“1976. Newly widowed. Overwhelming and scary thoughts of survival, my place in the community and in society. I had no experience with processes and procedures in the various government offices — I didn’t even know how to write a cheque! — yet I had to handle all financial matters regarding my late husband’s affairs. I was petrified. I knew of my country as a safe, secure, clean and green place which was open to people of all races, religions, and languages, but I worried about facing difficult, rude officers and spending hours being shuttled from one office to another.
I took refuge from the fear, anxiety and turmoil in tradition — I clad myself in a sari — and took my first independent steps, starting with the CPF office. I hesitantly expressed the purpose of my visit to the lady at the reception counter, and worried what her reaction would be to this sari-clad client. To my utter surprise, the smile and the dignity with which I was met and greeted whisked away my initial fears.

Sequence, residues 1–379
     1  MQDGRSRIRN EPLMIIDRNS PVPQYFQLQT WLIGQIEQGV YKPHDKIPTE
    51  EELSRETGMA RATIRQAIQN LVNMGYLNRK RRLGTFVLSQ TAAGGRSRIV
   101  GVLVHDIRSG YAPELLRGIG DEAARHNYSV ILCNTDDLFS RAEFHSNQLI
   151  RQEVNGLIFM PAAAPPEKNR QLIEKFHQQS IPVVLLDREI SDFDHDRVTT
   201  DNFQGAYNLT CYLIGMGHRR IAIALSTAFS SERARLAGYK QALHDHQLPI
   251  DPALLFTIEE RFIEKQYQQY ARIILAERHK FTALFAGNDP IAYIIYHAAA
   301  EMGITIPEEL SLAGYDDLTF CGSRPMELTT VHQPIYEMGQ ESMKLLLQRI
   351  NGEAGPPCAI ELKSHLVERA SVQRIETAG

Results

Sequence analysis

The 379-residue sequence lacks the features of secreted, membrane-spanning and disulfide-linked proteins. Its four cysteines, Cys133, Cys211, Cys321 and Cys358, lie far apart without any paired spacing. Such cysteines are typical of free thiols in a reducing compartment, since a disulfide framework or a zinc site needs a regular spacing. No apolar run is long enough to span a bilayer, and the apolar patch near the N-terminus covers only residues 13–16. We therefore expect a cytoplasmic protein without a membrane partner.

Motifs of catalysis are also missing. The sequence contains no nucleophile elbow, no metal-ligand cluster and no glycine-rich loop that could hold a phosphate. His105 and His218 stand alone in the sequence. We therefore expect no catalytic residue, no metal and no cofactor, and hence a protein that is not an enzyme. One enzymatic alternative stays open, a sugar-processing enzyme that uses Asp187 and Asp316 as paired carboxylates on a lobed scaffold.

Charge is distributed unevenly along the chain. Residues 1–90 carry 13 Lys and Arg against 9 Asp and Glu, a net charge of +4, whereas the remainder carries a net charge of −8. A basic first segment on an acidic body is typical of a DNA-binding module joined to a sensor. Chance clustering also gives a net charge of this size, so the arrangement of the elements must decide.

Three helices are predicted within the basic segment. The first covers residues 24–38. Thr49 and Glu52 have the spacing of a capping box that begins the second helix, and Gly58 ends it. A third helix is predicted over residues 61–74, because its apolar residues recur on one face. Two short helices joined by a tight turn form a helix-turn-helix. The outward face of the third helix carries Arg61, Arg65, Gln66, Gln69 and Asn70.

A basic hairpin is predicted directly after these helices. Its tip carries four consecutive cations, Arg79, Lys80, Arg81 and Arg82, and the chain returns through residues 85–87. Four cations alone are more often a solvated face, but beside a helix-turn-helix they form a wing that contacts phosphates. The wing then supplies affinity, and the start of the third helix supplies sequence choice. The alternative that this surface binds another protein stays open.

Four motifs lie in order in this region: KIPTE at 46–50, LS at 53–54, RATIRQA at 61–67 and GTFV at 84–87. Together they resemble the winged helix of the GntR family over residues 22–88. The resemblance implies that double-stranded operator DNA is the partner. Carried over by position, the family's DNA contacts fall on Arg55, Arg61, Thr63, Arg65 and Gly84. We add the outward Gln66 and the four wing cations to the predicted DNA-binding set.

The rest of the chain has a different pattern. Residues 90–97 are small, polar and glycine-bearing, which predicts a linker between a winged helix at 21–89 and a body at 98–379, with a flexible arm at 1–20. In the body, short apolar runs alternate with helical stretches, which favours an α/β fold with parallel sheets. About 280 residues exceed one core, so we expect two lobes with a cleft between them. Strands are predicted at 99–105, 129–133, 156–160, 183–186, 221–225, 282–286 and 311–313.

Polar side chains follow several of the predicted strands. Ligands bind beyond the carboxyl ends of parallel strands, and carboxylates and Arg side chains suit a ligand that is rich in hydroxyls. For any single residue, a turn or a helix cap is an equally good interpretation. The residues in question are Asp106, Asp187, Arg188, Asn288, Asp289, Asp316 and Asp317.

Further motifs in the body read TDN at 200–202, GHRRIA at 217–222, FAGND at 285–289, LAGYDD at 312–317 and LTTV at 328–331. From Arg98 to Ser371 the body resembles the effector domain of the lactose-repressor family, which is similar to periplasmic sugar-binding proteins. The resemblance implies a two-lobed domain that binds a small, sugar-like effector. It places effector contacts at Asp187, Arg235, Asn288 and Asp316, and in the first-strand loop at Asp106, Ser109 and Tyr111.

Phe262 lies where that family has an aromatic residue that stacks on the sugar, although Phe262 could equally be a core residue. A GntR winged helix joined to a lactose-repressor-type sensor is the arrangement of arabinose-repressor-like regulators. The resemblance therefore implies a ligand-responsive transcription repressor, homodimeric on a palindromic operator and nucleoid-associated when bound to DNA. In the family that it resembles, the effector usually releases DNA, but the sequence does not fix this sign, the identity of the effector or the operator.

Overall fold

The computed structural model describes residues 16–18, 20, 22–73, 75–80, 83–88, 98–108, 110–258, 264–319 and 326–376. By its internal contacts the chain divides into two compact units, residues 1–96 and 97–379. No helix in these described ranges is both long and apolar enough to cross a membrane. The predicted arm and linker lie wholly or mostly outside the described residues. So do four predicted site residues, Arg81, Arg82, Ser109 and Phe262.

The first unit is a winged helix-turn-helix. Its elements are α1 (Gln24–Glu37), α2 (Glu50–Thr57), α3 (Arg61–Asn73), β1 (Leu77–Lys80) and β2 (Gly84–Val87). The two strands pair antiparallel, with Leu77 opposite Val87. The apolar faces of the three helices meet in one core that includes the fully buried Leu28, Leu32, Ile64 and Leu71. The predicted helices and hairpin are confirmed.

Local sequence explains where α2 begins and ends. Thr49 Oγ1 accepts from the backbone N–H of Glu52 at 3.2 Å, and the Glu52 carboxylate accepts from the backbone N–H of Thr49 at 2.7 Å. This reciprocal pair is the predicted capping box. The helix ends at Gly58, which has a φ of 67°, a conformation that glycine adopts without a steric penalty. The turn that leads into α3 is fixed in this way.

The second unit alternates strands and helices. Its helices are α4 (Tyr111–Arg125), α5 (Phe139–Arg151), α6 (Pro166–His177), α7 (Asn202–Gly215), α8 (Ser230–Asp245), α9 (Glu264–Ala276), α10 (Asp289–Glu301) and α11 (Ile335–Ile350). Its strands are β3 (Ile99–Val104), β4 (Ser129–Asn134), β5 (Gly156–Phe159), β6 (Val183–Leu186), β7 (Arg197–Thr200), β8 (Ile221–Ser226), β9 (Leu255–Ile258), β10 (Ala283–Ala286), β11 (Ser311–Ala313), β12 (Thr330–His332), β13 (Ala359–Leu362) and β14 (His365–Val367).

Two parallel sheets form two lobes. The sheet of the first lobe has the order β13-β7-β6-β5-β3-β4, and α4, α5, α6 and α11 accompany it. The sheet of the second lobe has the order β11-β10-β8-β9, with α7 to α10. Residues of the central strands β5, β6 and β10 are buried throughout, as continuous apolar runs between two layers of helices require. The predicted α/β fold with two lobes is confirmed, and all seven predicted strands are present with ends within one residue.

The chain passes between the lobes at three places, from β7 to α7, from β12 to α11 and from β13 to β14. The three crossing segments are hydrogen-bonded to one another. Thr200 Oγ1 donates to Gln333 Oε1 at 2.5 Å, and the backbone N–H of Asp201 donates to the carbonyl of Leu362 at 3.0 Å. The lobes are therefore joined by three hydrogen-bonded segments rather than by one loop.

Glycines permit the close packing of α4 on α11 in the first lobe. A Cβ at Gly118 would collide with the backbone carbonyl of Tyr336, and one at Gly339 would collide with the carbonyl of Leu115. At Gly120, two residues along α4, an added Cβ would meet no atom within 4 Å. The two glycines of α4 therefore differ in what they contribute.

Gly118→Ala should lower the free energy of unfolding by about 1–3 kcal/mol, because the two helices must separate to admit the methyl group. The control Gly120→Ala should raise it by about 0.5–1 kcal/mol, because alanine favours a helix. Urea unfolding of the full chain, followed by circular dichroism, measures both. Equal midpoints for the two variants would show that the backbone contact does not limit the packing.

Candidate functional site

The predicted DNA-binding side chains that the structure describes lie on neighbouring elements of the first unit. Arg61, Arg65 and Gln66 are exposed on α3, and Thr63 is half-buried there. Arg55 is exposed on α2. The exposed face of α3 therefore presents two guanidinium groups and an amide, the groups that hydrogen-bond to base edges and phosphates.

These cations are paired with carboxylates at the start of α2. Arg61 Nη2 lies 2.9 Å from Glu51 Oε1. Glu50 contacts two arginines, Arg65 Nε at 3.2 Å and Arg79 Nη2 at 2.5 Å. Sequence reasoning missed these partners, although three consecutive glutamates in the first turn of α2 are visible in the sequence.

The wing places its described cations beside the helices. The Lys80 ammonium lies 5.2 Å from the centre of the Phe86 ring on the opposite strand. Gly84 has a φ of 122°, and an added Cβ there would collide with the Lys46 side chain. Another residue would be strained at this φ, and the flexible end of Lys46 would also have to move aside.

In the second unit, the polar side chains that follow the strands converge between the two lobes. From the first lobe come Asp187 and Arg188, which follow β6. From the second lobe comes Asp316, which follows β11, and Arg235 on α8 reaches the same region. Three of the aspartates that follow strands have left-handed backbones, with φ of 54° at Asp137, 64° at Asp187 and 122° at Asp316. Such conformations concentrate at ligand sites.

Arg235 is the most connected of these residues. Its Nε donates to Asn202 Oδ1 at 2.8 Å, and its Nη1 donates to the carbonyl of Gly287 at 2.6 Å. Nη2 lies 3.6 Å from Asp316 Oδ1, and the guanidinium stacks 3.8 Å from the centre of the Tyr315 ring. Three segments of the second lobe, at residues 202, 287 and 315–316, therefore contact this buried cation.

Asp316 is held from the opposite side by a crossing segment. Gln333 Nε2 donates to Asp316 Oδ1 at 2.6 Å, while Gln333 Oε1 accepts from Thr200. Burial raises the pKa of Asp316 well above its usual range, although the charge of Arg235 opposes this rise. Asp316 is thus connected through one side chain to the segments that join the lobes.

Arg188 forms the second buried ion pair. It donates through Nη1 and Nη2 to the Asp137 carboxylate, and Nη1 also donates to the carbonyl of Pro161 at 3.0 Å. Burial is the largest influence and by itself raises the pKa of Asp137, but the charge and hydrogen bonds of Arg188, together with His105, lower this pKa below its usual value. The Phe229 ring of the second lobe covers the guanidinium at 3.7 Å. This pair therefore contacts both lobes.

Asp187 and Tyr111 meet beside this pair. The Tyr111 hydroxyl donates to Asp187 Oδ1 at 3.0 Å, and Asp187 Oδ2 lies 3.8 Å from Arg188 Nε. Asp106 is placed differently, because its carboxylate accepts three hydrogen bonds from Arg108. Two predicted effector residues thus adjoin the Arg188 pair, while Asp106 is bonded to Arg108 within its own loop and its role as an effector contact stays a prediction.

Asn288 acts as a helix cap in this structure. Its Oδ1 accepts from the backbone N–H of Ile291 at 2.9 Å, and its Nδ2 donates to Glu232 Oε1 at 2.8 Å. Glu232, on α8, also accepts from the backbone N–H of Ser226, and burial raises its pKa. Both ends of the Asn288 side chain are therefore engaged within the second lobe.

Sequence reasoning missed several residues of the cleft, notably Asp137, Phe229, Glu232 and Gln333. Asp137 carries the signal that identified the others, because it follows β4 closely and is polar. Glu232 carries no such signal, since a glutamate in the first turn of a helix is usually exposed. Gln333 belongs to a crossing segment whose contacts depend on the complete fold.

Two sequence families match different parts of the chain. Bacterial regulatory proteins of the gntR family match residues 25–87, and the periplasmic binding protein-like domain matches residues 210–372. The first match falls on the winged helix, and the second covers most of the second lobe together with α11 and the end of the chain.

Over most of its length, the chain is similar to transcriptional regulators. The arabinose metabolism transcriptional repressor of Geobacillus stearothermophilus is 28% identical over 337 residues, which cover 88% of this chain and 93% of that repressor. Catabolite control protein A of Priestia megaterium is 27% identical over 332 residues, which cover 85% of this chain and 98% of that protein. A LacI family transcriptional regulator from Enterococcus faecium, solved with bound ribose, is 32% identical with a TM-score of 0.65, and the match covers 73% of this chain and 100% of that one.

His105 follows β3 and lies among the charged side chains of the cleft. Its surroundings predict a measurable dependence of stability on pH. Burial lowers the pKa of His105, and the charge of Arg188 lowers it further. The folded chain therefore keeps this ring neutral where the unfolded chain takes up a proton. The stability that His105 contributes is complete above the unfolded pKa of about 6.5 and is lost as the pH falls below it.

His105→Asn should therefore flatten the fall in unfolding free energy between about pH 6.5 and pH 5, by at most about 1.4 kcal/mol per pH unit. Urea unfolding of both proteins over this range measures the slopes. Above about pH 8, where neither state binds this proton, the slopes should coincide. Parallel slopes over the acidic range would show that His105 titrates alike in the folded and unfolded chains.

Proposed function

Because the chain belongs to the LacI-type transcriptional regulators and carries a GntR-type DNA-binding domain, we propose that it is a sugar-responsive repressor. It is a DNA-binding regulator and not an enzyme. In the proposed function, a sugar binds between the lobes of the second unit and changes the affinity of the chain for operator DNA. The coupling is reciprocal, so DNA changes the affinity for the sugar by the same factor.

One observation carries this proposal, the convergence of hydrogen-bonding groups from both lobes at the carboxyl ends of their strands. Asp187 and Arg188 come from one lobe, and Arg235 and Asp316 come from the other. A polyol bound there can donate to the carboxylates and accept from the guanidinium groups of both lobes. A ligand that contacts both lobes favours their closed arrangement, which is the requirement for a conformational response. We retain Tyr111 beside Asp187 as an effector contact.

I was directed to an official who treated me with professionalism and respect, and made the entire form-filling, question-answering process so easy and simple. Everything was meticulously checked and completed within an hour. He even imparted a little personal advice: “Take your husband’s CPF and lock it in the apartment that you have booked.” I did just that, and continue to enjoy the seaview from it today!
A major milestone in my life taught me to see beyond the physical beauty of my country. I experienced how efficiently it cared for and served its people. I discovered it had a heart. On that day, I realised I had a country I could love.”
- Dr Uma Rajan, Healthcare consultant